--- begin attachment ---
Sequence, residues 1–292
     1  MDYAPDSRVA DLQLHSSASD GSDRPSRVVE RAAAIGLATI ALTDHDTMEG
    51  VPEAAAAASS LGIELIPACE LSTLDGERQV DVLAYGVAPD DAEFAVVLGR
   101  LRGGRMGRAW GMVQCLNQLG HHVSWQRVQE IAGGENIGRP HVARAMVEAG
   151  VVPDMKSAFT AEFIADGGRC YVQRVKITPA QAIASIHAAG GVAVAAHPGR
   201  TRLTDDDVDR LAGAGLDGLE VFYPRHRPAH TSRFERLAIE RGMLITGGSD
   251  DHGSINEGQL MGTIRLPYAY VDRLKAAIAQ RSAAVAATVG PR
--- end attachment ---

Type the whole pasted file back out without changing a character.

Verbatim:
Sequence, residues 1–292
     1  MDYAPDSRVA DLQLHSSASD GSDRPSRVVE RAAAIGLATI ALTDHDTMEG
    51  VPEAAAAASS LGIELIPACE LSTLDGERQV DVLAYGVAPD DAEFAVVLGR
   101  LRGGRMGRAW GMVQCLNQLG HHVSWQRVQE IAGGENIGRP HVARAMVEAG
   151  VVPDMKSAFT AEFIADGGRC YVQRVKITPA QAIASIHAAG GVAVAAHPGR
   201  TRLTDDDVDR LAGAGLDGLE VFYPRHRPAH TSRFERLAIE RGMLITGGSD
   251  DHGSINEGQL MGTIRLPYAY VDRLKAAIAQ RSAAVAATVG PR